India’s drug ‘lifeline’ under threat
Photo by UK Department for International Development under a CC Licence.
I never dreamed I’d ever wave the flag for Indian pharmaceutical companies. But some years ago, I discovered that India provides essential drugs to most of the world’s economically deprived nations. Many of the poorest people in India and Africa could not afford basic drugs if it were not for Indian drug companies.
Astonishingly, India is known as the ‘pharmacy to the developing world’ and is something of a hero in the fight for affordable drugs for the poor. The reason for this is it’s able to produce cheap generic medicines because it was not issuing drug patents until 2005. This means generic companies are able to mass produce and sell non-patented medicines at a fraction of the price of their multinational corporation counterparts.
India was legally forced, under pain of prosecution, to adhere to World Trade Organisation (WTO) intellectual property regulations in 2005. But it still has a section of its Patent Act, section 3(d), that is designed to prevent the patenting of new uses and forms of known medicines.
Now, lest you are misled into thinking that Indian companies are providing a charitable service, they most certainly are not. Of the top 50 billionaires in India, according to Forbes Rich list, seven are individuals involved with the pharmaceutical industry. Several Chinese pharmaceutical tycoons are also billionaires.
But apparently, multinational corporations want more. So while Indian companies presumably sell at a high enough profit to satisfy our billionaires, for the multinationals this is not enough.
The Swiss company Novartis is currently in the Supreme Court of India fighting to overturn section 3(d) of the Patent Act and keep its patent on a new crystalline salt form of the anti-cancer drug imatinib mesylate which it sells in the market, under the brand name Gleevec, at 120,000 rupees ($2,600) per month.
Since the original drug is not patented in India, generic drug companies produce and sell Gleevec to chronic myeloid leukemia patients at less than one-tenth of Novartis's price i.e. for about 8,000 rupees ($175) per month. A new patent could give Novartis a 20-year monopoly on the drug, a terrifying prospect for the world’s poor: especially as it could have consequences for so many other drugs.
‘About 80 per cent of anti-AIDS drugs and 92 per cent of drugs for children with AIDS across the developing world come from Indian generic manufacturers,’ says Leena Menghaney of Médecins Sans Frontières (Doctors Without Borders). ‘India is literally the lifeline of poor patients, especially in the poorest parts of Africa. If section 3(d) is overturned, any meaningful effort to make these vital medicines available to the world’s poorest will be put in jeopardy.’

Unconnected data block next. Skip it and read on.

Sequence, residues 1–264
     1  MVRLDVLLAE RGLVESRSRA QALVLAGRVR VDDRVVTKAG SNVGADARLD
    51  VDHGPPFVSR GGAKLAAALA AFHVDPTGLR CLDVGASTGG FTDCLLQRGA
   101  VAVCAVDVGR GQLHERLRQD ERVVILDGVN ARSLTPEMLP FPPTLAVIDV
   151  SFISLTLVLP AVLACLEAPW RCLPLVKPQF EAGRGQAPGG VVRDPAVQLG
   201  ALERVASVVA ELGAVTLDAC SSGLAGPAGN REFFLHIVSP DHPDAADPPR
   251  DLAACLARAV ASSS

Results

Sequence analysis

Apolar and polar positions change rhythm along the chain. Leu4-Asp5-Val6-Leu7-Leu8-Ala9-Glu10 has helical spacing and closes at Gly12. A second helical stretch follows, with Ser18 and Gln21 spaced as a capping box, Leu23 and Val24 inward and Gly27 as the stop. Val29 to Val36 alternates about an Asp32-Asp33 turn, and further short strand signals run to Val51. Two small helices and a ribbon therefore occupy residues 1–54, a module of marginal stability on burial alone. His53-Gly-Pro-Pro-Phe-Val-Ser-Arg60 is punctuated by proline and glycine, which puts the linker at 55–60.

The English words ‘economy’ and ‘economics’ can be traced back to the Greek word oikonomos ‘one who manages a household.’ Logically, this implied the well-being of the family and later of citizens or society.
At what point did well-being move out of the equation and pure greed and profiteering become the order of the day? If governments are meant to govern wisely, they must work for the benefit of the majority, not just the profiteering minority. Yet billions are spent by corporations on lobbyists who try to influence policy affecting the poorest countries.
During the WTO and GATT (General Agreement on Tariffs and Trade) rounds, Congress Watch environmentalists found they could not go near their US government representatives in Geneva and Doha, but fat cat lobbyists were wining and dining them everyday. In the Novartis patents case, currently in the Indian Supreme Court, a judge was recused because social activists exposed the fact that he had gone to a conference organized by Novartis and written a paper expressing views detrimental to the case.
But for every judge exposed there are hundreds of senators, congressmen and ministers who get away with corrupt decisions influenced by lobbyists that are harmful to the interests of ordinary people.
India’s recent anti-corruption movement has exposed politicians and bureaucrats, but multinational corporation corruption in high places, which causes untold misery to billions, needs to be addressed. Not merely in India and Africa, but in the corridors of power at international levels.
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